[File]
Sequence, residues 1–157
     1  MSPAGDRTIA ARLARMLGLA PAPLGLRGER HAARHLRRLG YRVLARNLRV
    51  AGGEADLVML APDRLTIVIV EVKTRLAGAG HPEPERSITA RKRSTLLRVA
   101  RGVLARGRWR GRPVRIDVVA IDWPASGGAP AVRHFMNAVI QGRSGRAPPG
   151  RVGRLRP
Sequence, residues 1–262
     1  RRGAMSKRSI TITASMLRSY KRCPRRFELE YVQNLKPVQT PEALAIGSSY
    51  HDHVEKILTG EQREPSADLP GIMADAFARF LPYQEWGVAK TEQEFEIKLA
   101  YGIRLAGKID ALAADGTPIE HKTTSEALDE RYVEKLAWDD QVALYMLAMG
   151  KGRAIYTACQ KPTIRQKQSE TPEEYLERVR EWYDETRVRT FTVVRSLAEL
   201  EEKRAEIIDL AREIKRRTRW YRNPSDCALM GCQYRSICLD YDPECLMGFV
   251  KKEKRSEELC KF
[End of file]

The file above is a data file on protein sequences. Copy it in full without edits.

Sequence, residues 1–157
     1  MSPAGDRTIA ARLARMLGLA PAPLGLRGER HAARHLRRLG YRVLARNLRV
    51  AGGEADLVML APDRLTIVIV EVKTRLAGAG HPEPERSITA RKRSTLLRVA
   101  RGVLARGRWR GRPVRIDVVA IDWPASGGAP AVRHFMNAVI QGRSGRAPPG
   151  RVGRLRP
Sequence, residues 1–262
     1  RRGAMSKRSI TITASMLRSY KRCPRRFELE YVQNLKPVQT PEALAIGSSY
    51  HDHVEKILTG EQREPSADLP GIMADAFARF LPYQEWGVAK TEQEFEIKLA
   101  YGIRLAGKID ALAADGTPIE HKTTSEALDE RYVEKLAWDD QVALYMLAMG
   151  KGRAIYTACQ KPTIRQKQSE TPEEYLERVR EWYDETRVRT FTVVRSLAEL
   201  EEKRAEIIDL AREIKRRTRW YRNPSDCALM GCQYRSICLD YDPECLMGFV
   251  KKEKRSEELC KF